fCPU


Factorio Customizable Processing Unit. Allow to write any logic on low level machine code. The fCPU acts like a programmable microcontroller with a vector coprocessor that supports many useful instructions.

6 months ago
0.18 - 1.1
14157
Owner:
extermeon
Source:
N/A
Homepage:
https://www.reddit.com/r/factorio/com...
License:
Limited Distribution Only Licence
Created:
11 months ago
Latest Version:
0.4.12 (6 months ago)
Factorio version:
0.18 - 1.1
Downloaded:
14157 times

fCPU

Specs

  • supports blueprints
  • supports copy & paste
  • supports multiplayer
  • supports Informatron and Booktorio in-game wiki
  • in-game debugger with breakpoints
  • 128 instructions for whole program
  • 8 general purpose registers
  • 4 memory channels for vector processing
  • 50+ opcodes
  • rich math instructions, trigonometry, rounding
  • SIMD instructions, min, max, filter, comparison, etc...
  • two input wires (Red, Green)
  • two output wires (Red, Green) have same output signals and values
  • parallel output, allows output multiple signals simultaneously
  • could be controlled through special input signals (interruptions)
  • one tick = one instruction (except for SIMD ones)
  • made for geeks

Description

fCPU is a combinator that includes:

  • program text
  • a set of registers (for storing signals or\and numbers)
  • couple of memory channels (for storing not zero signals and numbers)
  • processor (command processor and vector coprocessor)

Program

Programs for fCPU are entered in plain text in simplified assembly language (this guide is enough for a quick study) and consists of lines.
Each line represents one instruction.
An instruction consists of mnemonics and operands.
For example: mov out1 123[item=copper-ore], here mov is a mnemonic,out1 is the first operand, 123[item=copper-ore] is the second operand.
This instruction tells the processor to send signal [item=copper-ore] with number 123 on to wires connected to the output.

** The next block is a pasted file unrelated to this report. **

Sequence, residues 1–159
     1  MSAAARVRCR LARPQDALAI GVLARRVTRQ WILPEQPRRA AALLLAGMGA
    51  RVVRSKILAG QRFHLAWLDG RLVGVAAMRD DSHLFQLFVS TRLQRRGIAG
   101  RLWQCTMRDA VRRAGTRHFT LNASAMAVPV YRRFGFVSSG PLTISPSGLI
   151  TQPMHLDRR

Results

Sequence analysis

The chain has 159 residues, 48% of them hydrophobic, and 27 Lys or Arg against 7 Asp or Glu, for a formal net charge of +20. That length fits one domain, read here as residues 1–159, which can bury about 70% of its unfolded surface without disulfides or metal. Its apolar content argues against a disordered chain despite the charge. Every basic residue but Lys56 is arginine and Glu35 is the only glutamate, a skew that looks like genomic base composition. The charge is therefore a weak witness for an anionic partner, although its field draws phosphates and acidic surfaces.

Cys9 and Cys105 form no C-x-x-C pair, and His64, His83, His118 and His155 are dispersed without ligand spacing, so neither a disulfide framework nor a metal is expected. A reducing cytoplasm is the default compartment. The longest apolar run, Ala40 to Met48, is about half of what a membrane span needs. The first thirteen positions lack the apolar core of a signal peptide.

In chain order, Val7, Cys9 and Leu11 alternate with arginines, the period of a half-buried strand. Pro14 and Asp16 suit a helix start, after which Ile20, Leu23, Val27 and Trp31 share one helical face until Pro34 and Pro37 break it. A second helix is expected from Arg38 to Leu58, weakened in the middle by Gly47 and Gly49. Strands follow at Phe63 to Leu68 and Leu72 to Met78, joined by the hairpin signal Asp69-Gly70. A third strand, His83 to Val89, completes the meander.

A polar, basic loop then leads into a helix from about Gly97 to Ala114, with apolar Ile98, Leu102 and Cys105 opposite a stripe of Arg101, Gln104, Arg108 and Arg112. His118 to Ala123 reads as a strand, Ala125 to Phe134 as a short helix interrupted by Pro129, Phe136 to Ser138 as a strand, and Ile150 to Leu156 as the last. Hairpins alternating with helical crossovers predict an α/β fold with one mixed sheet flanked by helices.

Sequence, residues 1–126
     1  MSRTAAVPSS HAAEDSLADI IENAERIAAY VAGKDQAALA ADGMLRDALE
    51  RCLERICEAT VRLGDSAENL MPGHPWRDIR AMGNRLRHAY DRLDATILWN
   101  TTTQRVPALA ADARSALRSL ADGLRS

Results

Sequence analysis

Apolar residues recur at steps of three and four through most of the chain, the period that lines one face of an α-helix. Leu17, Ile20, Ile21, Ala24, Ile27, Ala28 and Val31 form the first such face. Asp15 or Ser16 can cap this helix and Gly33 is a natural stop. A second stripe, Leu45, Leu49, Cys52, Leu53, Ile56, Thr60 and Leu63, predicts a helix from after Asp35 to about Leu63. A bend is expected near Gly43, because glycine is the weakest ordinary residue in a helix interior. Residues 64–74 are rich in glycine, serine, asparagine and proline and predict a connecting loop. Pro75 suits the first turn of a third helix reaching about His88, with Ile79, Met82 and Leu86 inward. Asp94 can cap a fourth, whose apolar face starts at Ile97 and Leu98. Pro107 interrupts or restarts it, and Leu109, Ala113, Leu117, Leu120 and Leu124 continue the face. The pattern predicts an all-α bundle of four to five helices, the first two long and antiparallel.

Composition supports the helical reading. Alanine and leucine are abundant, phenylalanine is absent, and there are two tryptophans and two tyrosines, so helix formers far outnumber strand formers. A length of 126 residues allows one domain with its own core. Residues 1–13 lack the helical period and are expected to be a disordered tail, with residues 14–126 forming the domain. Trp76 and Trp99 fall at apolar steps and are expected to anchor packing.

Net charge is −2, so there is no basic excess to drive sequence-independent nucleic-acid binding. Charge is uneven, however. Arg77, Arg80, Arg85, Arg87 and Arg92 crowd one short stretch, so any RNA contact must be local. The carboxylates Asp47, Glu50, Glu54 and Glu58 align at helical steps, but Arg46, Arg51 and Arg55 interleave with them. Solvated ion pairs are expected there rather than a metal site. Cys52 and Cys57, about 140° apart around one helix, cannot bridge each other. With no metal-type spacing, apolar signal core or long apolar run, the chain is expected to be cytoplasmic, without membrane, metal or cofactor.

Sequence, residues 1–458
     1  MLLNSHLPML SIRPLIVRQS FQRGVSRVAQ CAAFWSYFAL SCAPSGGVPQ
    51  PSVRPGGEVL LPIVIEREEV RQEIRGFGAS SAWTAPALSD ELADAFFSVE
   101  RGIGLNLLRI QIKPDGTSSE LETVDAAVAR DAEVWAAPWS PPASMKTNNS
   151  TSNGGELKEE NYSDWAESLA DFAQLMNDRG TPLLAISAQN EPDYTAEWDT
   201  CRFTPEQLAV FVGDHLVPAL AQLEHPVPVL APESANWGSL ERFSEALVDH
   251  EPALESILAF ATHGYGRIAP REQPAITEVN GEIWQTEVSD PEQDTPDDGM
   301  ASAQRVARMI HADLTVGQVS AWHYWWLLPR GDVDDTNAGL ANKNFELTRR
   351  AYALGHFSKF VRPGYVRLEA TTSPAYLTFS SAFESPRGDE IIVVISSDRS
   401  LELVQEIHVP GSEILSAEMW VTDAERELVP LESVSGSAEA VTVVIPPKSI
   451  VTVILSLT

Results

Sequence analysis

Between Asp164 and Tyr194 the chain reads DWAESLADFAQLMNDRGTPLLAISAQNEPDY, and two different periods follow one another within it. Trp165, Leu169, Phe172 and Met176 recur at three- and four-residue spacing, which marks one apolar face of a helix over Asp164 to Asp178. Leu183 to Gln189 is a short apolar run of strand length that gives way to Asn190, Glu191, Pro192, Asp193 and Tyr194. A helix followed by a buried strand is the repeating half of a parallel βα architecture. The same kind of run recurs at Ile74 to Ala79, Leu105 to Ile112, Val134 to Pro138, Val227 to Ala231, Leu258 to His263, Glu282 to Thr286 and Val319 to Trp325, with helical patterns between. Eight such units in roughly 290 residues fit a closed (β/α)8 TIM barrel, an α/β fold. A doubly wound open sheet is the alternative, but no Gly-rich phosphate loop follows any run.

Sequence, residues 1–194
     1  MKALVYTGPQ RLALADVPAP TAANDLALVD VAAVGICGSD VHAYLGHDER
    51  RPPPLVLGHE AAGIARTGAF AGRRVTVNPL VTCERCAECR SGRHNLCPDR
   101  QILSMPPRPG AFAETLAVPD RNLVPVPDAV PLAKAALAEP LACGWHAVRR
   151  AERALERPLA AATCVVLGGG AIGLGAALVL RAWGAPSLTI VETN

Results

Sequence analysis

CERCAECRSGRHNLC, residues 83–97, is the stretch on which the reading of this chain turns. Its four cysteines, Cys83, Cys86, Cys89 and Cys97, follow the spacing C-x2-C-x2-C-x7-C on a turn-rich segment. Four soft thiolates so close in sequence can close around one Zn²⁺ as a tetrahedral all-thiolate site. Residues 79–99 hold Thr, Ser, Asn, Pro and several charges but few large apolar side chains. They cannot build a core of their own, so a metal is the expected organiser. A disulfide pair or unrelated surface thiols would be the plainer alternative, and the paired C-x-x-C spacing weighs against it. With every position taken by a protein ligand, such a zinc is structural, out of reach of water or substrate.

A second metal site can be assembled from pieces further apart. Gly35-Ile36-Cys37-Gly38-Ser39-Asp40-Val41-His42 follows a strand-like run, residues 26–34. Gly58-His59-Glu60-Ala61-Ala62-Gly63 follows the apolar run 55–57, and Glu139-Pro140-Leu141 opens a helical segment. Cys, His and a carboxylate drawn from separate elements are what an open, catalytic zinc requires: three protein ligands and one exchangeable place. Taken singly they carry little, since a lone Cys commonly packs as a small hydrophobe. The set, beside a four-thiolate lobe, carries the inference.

Mnemonics are abbreviated names of operations that the processor understands and knows how to execute.
Operands are arguments to operations. They are used to indicate the values ​​on which an operation will be performed.

The following can be used as operands:

  • Signal: each signal consists of a type and a value (123[item=copper-ore])
    123 - signal value represented by number
    [item=copper-ore] - type can be represented by pictogram or text
  • Register: this is a special cell that store the transmitted signal indefinitely (reg1, r2, ...)
  • Memory channel: one memory channel consists of multiple cells (array) that store the signal indefinitely (mem1, m2, ...)
  • Input wire: you can receive signals on wires connected to a combinator's input (red,green, red1, [email protected], ...)
  • Output wire: sets the values ​​at the output of a combinator (out1, out2, ..., out256)
  • Address: instruction address (line number 34)
  • Label in the code: written in text with a colon in front (:label, :anyname, ...)

The processor executes instructions from a written program in turn, line by line.

Registers

There are 8 generic purpose read/write registers, named reg1, ... reg8 or alias r1, ... r8.
Each register store signal type and numeric value (floating point numbers are supported).
For example mov reg2 10[item=iron-plate], this instruction assigns to reg2 value of 10 and type of [item=iron-plate].

Besides general purpose registers there are some read only registers:

  • ipt: current instruction line numer
  • clk: clock, value increases every tick
  • cnr, cng: signals number on red cnr or green cng input wire
  • cnm1, ..., cnm4: signals number in memory

Output registers (write only):

  • out1, ..., out256: output registers (only integer values)

Memory

For processing several signals at the same time, the fCPU provides a vector coprocessor that handles SIMD instructions.
Unlike scalar operations, which process a limited number of signals at a time, vector operations can process hundreds of signals in the same amount of time.
fCPU Memory is an analogue of registers but for vector instructions.

There are 4 memory channels available for use.
Each channel consists of multiple memory cells.
Each cell stores a signal type and a numeric value.
Memory channels are addressed: mem1, ...,mem4.
To access one cell: mem2[44] or [email protected] (see Arrays)

Arrays\indirect addressing

Each register or memory channel could be addressed not only by direct name: * regN (reg1, r2, etc... N is a register index) * memC[M] (mem1[32], m4[97], etc.. C is a memory channel number, M is a memory cell index)
But also with indirect pointer: * [email protected] ([email protected], [email protected], etc... R is a register index) * [email protected] ([email protected], [email protected], etc... R is a register index)

This allow you to use them as array indices.

For example:

mov r1 10[item=iron-plate]
mov r2 20[item=copper-plate]
mov r3 300[item=steel-plate]

mov r5 2
mov r6 [email protected] # r6 will be equal to r2, which is 20[item=copper-plate]